In vaccine race last lap, the key steps for India


Linked to the government plan of supply from multiple sources is the need for a concise recipient prioritisation policy

  • Evaluation of candidate vaccines for COVID-19 should be done on technical parameters and programmatic suitability
  • An ideal vaccine would provide all of these — immunity that is of a high degree (90% + protective especially against severe illness), broad scale (against different variants) and durable (at least five years if not lifelong); a vaccine that is safe (little or no side-effects and definitely no serious adverse effects); a vaccine that is cheap (similar to current childhood vaccines); a vaccine that is programmatically suitable (single dose, can be kept at room temperature or at worst needs simple refrigeration between 2°C and 4°C, needle-free delivery), and a vaccine that is available in multidose vials, has long shelf life and is amenable to rapid production.
  • Obviously, a vaccine having all these desirable characteristics is a pipe dream and most vaccines would fare well in some and not so well in other parameters, making it difficult to choose between them. 
  • Also, at this stage, we are only looking at a one-time use of this vaccine to stop the novel corona virus pandemic as the requirement for a regular vaccination (as for influenza) would be somewhat different.


A difficult vaccine to develop

  • Historically, we have faced difficulties in the development of corona virus vaccines. 
  • Although there were some attempts at development of vaccines against Severe Acute Respiratory Syndrome (SARS) and the Middle East Respiratory Syndrome (MERS), there are no licensed vaccines for any corona virus yet. 
  • Previous corona virus vaccines were found to be immunogenic (generate antibodies as in phase II) but did not effectively prevent acquisition of disease (phase III) fuelling a concern that vaccination may not induce long-lived immunity, and re-infection may be possible. 
  • There are also safety concerns due to immunological consequences of the vaccine as these vaccines use newer techniques with which we do not have long term or large population experience.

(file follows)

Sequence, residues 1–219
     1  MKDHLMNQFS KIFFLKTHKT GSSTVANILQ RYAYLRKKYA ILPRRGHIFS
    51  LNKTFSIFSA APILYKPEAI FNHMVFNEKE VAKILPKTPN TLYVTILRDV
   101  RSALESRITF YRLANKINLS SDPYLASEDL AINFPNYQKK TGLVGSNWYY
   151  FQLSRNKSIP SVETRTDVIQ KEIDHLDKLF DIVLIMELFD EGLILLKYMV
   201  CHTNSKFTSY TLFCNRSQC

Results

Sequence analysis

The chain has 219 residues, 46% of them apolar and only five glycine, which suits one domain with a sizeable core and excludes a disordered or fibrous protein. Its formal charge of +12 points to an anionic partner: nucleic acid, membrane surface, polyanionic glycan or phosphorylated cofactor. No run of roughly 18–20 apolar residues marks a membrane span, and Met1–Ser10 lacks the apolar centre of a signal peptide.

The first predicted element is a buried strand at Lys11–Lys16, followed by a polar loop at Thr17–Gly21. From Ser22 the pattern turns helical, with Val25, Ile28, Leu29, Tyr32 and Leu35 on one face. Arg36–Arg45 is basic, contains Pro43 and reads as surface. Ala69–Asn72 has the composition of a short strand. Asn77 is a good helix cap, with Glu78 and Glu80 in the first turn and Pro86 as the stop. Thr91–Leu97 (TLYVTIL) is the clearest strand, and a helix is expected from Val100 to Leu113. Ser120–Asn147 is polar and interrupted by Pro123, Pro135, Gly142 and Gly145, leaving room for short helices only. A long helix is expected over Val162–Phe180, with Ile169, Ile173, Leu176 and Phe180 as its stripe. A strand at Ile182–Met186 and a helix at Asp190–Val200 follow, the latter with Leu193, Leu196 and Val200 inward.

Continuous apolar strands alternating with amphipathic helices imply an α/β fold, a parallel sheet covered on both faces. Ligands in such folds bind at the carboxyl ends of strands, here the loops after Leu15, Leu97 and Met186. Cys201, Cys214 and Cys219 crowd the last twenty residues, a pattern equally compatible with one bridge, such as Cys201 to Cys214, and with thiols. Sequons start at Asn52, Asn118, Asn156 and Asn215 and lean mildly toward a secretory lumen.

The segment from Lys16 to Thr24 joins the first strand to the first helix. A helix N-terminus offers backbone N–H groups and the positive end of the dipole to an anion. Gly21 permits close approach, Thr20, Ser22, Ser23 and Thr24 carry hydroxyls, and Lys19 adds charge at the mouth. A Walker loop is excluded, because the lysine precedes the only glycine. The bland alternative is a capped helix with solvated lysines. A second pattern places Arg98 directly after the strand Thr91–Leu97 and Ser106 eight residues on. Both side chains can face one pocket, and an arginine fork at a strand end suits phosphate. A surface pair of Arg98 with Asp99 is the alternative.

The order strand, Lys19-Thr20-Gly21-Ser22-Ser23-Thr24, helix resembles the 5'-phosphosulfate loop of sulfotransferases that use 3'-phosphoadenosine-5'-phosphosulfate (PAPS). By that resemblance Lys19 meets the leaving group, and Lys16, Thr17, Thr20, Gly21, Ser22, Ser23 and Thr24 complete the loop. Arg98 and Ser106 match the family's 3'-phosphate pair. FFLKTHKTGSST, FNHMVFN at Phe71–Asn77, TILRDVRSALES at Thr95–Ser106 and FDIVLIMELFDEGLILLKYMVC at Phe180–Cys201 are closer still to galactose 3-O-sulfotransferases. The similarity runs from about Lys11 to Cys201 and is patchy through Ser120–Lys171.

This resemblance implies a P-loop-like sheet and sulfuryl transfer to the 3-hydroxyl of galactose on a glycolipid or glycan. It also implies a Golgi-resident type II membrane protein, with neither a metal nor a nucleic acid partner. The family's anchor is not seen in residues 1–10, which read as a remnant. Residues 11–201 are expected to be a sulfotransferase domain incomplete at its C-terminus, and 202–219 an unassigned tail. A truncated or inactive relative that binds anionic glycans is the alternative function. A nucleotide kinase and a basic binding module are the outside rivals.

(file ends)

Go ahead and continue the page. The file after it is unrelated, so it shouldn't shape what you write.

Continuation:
• About the safety of vaccines, there are always possibilities of rare (one in million) or delayed (by months or years) serious adverse events which will come to light only after mass vaccination has started; this requires a good post-licensure surveillance system to be in place.


Most could be in two doses

  • The COVID-19 vaccine candidates by Moderna and Pfizer have already released early information of high effectiveness (90%+)
  • Pfizer’s two-dose shots need to be stored at minus 70°C something which is beyond India’s current vaccine storage infrastructure.
  • Moderna’s vaccine is more thermostable and has a requirement similar to what we used for oral polio vaccines. 


Ranking by risk category

  • We already know that government has planned for vaccine supply from different sources
  • The World Health Organization has issued guidelines for prioritisation for vaccine recipients. 
  • Need to rank population sub-groups by risk category (risk of infection or adverse outcome or economic impact), and by programmatic ease of vaccination — based on their captivity (health-care workers, organised sector, workplace, schools), and access to existing channels of vaccination (pregnant women and children). 
  • Start with where these two criteria intersect — health-care workers followed by policemen. 
  • The third rule is using multiple channels to immunise the population
  • Other important considerations would be of equity and cost. Obviously, military and paramilitary staff will be dealt with as a special case due to their high captivity and national security considerations.
  • The first product off the block may not be suitable in terms of cost and cold storage, but if the priority is health-care workers, then we could go ahead and buy some (how much is a trade- off) vaccines for this group if it is above 75% effective, as it is possible to immunise health-care workers keeping cold storage requirements at their own facility, including in private sector or district hospitals. 
  • The same infrastructure can also be used to vaccinate the police force.


Models of social mobilisation

  • Problems will arise as we move towards vaccinating the general population, even high-risk groups (the elderly and those with co-morbidity) in the general population. 
  • It might be easier to vaccinate the institutionalised elderly as compared to community-dwelling ones. 
  • However, the greatest challenge would be to immunise the poorest and the most vulnerable (slums/migrants/refugees/people with disabilities). 
  • Because of access issues, this must be by an outreach or camp approach (booths along with web-enabled appointments facilitated by civil society); a programmatically suitable vaccine will have to be prioritised for them. 
  • It is expected that the pandemic would start receding once we protect about 60% of the population (in terms of coverage x effectiveness). 


Dealing with ‘pay and get’

  • One major challenge would be that many people would be willing to pay for the vaccine and ask for expedited access. 
  • Obviously, till we cover a bulk of phase 1 beneficiaries, the government should not concern itself with other groups. 
  • However, it can and should allow the vaccine to be available in the private sector at a market-driven price for such people. 
  • It will be ethical as well as cost-saving for the government, if it does not divert vaccines from the government-driven programme. 
  • Many countries have already published their prioritisation policy whereas in India, it is only based on what we hear from the media — that health-care workers have been prioritised and details are not available in the public domain. 
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